The Circular Economy looks at materials in two categories: biological and technical. Each of these materials move through the system differently – biological materials re-enter the biosphere safely, whilst technical materials circulate in the system indefinitely without entering the biosphere. Take a look at the infographic below for an overview of this process.
The Circular Economy system results in very little landfill. By re-using, refurbishing, and recycling materials as commonplace, the cost of materials is also reduced.
We talked to Joshua Balmer – MSc at the University of Central Lancashire’s Centre of Waste Management about the advantages of a Circular Economy, he said:
“Disposal should be a last resort in most cases, particularly if you’re manufacturing. It isn’t always possible to avoid waste, but it’s becoming more commonplace to reintroduce what was previously thought of as waste back into your production process. There are always direct cost savings and environmental benefits to be found here and we are likely to see more used products becoming available as new through refurbishment. An example would be ball bearings: they largely lose very little of their overall effectiveness during a product’s lifetime, but are then lost to waste when the product is disposed of.”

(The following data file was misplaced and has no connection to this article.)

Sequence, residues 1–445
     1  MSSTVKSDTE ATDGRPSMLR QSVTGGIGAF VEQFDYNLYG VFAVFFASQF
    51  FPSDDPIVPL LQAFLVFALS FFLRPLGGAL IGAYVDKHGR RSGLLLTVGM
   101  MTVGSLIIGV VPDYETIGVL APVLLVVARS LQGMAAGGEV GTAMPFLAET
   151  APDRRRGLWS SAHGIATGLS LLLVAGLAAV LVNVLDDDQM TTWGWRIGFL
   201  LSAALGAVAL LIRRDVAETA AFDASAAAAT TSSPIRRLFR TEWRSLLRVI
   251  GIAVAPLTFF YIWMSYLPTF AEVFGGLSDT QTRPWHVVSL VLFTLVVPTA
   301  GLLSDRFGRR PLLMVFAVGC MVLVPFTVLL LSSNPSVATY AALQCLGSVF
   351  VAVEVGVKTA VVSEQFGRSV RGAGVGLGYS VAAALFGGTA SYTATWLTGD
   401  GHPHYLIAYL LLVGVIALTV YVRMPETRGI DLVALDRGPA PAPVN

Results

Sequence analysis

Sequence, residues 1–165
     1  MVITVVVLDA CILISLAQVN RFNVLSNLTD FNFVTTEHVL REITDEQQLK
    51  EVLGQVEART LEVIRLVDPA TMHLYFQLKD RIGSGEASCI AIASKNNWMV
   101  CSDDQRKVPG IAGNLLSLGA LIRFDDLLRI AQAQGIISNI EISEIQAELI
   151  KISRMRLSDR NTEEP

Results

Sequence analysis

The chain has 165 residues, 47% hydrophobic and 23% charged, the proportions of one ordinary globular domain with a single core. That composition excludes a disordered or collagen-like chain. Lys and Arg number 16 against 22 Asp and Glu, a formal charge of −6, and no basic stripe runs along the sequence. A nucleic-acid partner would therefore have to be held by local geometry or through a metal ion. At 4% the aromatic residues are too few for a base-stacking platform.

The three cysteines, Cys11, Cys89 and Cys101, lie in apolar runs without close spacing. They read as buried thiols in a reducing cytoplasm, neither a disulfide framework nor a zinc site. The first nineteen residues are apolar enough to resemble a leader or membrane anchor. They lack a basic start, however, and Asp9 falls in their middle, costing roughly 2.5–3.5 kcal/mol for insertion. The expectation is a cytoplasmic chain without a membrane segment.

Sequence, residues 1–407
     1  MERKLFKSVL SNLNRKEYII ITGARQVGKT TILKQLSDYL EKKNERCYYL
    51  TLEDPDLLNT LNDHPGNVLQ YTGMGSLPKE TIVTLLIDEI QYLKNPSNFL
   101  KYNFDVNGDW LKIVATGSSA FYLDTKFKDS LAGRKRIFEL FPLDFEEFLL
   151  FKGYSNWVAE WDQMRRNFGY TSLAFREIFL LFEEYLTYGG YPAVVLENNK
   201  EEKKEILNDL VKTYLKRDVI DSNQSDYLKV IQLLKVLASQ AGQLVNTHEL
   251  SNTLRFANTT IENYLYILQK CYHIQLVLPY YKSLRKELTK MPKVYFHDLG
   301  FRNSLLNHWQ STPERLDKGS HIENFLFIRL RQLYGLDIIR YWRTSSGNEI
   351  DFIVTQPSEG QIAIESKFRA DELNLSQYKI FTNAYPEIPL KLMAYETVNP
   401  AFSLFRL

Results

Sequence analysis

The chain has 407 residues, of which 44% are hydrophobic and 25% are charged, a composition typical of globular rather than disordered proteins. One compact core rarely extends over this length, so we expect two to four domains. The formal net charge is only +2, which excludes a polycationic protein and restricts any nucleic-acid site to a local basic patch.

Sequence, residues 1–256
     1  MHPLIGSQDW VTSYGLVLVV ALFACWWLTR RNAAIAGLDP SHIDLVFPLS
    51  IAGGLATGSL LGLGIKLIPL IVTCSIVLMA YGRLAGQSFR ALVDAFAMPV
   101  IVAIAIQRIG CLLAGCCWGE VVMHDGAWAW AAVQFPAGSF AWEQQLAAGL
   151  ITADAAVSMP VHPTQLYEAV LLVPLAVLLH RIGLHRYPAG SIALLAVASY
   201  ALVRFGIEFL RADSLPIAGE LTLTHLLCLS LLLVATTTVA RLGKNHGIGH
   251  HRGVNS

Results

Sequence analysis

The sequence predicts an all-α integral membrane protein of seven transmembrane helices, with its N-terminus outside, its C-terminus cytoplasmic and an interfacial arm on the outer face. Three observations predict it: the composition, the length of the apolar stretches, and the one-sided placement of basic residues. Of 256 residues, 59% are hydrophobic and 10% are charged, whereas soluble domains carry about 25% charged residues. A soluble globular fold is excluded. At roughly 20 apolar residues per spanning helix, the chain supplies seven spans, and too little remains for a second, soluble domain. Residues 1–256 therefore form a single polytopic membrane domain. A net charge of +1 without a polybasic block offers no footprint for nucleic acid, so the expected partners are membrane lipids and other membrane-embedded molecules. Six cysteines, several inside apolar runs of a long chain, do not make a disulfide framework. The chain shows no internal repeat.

The benefits of waste management systems
The United Nations’ Environmental Programme ‘Guidelines for National Waste Management Strategies Moving from Challenges to Opportunities’ describes the benefits of a waste management system as:
Waste is not something that should be discarded or disposed of with no regard for future use. It can be a valuable resource if addressed correctly, through policy and practice. With rational and consistent waste management practices there is an opportunity to reap a range of benefits. Those benefits include: